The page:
Balunkeswar Nayak is leading an initiative to strengthen food science majors’ understanding of science and engineering by replacing lecture-centered instruction with active-learning strategies.
The University of Maine associate professor of food processing is directing a multi-university project to boost math knowledge and problem-solving skills of food science majors for careers in food processing, food engineering and food manufacturing.
Nayak says critical objectives are to improve their knowledge about safety relating to food recalls, traceability issues due to globalization, new import and export regulations, and workforce preparedness.
Food science students — the next-generation workforce in industry, regulatory and non-government agencies — “should understand the big picture of sustainability in food processing, preservation and distribution,” says Nayak.
In the United States, more than 1.5 million people work at 26,000 food companies. The food and beverage industry faces complex demands, including consumers who want healthier foods, an increasing number of food safety regulations, and concern for socioeconomic and environmental impacts of food production and manufacturing.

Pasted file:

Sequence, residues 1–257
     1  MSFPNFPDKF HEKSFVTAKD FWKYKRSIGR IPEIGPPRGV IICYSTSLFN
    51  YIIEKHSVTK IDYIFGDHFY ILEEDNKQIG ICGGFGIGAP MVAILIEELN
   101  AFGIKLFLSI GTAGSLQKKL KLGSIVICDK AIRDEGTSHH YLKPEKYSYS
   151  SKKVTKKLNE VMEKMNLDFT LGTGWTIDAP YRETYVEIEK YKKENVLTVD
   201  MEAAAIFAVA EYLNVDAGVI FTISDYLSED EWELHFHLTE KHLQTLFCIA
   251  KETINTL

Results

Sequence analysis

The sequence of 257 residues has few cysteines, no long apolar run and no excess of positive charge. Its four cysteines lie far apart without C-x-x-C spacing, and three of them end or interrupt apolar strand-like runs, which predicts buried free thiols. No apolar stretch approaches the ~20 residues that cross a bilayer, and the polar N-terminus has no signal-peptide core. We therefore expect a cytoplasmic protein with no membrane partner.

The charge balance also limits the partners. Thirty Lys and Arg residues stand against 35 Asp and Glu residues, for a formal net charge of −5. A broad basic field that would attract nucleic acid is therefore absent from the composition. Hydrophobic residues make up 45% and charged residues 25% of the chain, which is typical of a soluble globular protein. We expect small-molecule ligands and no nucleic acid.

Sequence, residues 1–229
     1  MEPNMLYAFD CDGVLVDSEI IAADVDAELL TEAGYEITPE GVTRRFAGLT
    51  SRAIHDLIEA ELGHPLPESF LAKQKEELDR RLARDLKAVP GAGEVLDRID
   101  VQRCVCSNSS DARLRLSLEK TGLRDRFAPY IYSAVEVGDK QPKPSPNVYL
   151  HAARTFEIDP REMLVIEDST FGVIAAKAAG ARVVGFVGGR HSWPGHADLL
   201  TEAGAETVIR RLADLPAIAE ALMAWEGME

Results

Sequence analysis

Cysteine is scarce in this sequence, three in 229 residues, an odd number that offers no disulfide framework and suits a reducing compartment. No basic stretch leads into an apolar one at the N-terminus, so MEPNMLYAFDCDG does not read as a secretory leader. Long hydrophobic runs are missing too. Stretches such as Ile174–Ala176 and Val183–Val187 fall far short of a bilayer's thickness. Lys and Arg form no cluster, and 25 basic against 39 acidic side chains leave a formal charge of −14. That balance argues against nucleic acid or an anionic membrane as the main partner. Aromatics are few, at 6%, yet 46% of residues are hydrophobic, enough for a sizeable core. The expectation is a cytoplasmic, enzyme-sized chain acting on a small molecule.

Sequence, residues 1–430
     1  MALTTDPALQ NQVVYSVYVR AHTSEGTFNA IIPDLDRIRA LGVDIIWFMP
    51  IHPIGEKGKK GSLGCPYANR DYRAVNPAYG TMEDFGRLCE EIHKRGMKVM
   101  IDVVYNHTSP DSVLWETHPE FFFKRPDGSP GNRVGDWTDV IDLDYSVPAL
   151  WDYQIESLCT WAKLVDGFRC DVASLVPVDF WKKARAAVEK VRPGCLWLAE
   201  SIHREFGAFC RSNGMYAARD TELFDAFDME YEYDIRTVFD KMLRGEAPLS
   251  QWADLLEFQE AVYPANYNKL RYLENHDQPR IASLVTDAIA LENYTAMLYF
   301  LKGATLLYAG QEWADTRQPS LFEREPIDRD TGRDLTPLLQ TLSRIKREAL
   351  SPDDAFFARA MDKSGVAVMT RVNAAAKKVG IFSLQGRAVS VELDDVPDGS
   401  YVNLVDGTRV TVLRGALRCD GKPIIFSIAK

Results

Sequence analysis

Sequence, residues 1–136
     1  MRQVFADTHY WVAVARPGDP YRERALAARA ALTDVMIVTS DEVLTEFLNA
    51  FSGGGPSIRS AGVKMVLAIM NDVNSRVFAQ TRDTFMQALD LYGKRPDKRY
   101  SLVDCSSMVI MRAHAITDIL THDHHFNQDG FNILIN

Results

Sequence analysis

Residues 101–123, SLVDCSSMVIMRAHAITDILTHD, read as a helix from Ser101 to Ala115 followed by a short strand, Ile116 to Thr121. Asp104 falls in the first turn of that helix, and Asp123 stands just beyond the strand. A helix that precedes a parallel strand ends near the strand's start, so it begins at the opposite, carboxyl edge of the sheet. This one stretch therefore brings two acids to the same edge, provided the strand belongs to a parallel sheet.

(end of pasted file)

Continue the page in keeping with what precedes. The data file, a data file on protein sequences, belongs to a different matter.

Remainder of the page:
To meet these demands, food science majors need a solid STEM background, and the ability to craft innovative ideas and solutions.
To help make that happen, UMaine will utilize $367,341 of a $747,328 award from the U.S. Department of Agriculture–National Institute of Food and Agriculture Higher Education Challenge Program for a collaborative project that concludes in 2022.
The team includes Susan McKay, founding director of the Maine Center for Research in STEM Education (RiSE Center), and a UMaine professor of physics and astronomy; and professors at five other land grant universities.